EDITOR’S NOTE: There is a total clampdown on the independent press in Ethiopia. Even foreign correspondents are working under constant threats, frequently being called into Bereket Simon’s office to be threatened with expulsion from the country. In the report below by William Davison of Bloomberg, we removed all the junk that he was forced to add to his report in order to placate the junta and kept only the few hard facts.
By William Davison
ADDIS ABABA (Bloomberg) — [ … ] Throughout the capital, the mood is somber as Sunday’s funeral looms. Normally deafening bars keep stereos switched off. State television offers blanket coverage of the mourning. There are few outliers. An articulate young journalist –
as appreciative of Meles’s rules as millions of his compatriots – reports on Facebook of the intimidation he suffered when he sat on a poster of the premier outside the palace after paying his respects to Meles.
“I was mad that my respect for the late PM could be simplified by the manner I treated a poster,” he writes.
One individual was hauled to a police station for disrespectfully listening to music on headphones, another user alleges below. […]
In an afternoon of stalking the mini-city of flats freshly hoisted by the government and now cluttered with barbers, bars, grocery stores and hordes of people,
just one person expresses some doubt. “The EPRDF [Ethiopian Peoples’ Revolutionary Democratic Front] is one party. They dominate everything,” a Russian-educated trader says in perfect English about the Meles-led ruling coalition. “There is no freedom for journalists. A lot of them are in prison.” Those would include dissident Ethiopian writer Eskinder Nega, who was recently sentenced to 18 years in prison for terrorism offenses.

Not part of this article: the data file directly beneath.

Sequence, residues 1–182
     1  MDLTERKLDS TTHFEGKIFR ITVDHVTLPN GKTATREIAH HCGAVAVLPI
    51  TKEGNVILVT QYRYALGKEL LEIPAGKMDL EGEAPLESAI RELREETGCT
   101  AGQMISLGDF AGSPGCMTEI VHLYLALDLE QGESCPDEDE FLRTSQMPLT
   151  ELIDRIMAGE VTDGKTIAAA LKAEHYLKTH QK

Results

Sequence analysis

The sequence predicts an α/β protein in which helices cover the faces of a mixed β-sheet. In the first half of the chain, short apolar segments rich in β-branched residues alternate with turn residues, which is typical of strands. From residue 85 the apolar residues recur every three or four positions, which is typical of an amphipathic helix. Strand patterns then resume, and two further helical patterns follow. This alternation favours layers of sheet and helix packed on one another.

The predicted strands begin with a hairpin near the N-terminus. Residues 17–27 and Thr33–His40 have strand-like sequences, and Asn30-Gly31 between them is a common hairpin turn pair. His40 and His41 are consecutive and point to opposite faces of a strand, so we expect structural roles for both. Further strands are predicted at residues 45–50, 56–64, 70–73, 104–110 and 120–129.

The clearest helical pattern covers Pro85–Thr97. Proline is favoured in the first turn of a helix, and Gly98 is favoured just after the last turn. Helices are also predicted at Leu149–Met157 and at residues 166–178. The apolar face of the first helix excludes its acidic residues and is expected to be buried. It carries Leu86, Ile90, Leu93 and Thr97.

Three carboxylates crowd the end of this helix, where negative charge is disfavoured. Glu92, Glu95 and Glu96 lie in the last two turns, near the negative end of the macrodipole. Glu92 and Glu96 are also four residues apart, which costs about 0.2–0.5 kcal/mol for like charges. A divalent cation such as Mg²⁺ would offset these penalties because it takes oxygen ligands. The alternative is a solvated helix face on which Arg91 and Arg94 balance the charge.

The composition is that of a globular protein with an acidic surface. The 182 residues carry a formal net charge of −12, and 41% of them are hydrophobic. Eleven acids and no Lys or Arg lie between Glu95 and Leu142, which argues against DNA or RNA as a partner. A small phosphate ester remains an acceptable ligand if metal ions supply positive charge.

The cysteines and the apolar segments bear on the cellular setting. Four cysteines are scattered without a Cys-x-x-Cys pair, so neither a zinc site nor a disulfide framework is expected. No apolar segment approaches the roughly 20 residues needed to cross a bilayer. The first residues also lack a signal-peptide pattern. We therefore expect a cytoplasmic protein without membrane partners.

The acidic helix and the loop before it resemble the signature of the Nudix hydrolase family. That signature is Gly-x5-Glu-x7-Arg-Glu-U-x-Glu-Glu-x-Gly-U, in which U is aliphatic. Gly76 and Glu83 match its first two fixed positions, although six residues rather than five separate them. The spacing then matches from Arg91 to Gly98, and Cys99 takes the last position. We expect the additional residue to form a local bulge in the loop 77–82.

The trader then requests to remain anonymous.
The system’s excesses are also on public display. The mobilization skills of the 6 million-strong party, previously used to permeate state and society, bolster crushing election victories, and encourage donations for Meles’s political masterstroke, the damming of the Nile, are in overdrive. Colleagues cannot travel to Addis Ababa for a meeting next week, one individual informs: all public transport is tied up busing people in for the funeral. Teams of government workers were parading through central Addis Aug. 31, chanting slogans and brandishing placards about the necessity to keep Meles’s dream alive.
The dynamics are similar to the Grand Ethiopian Renaissance Dam fundraising campaign: Both Meles and the Nile hydropower project – which signaled Ethiopia’s intention to use a huge asset historically monopolized by Egypt – would be staggeringly popular without any leverage being applied by the EPRDF’s leaders and cadres; yet they still turn the screw in order to strengthen their grip on power.
Critics sneer at some of the party’s alleged tactics: “they’re all receiving per diems”; “homeless beggars on television are praising Meles”; “they’re wheeling the sick out of hospital to join the crowds.”
A leaked letter purportedly from university administrators demanding that staff attend a mourning ceremony makes its way round the Web. “Got it. The North Korean comparisons are justified,” pontificated a media advocate from New York, suggesting that the mourning was not sincere.
But Kemal indicates otherwise. “I cried. Nobody pushed me, nobody paid me. I cried,” he volunteers about his response to Meles’s death.
[…] Away from the public pomp, nervous Ethiopians and Addis’s chattering classes opine that the future is uncertain. Very little is known about the inner workings of an opaque ruling party. Only time will tell whether its stability and thus the country’s is wrecked by factional squabbling. Only the years and decades to come will define his legacy […]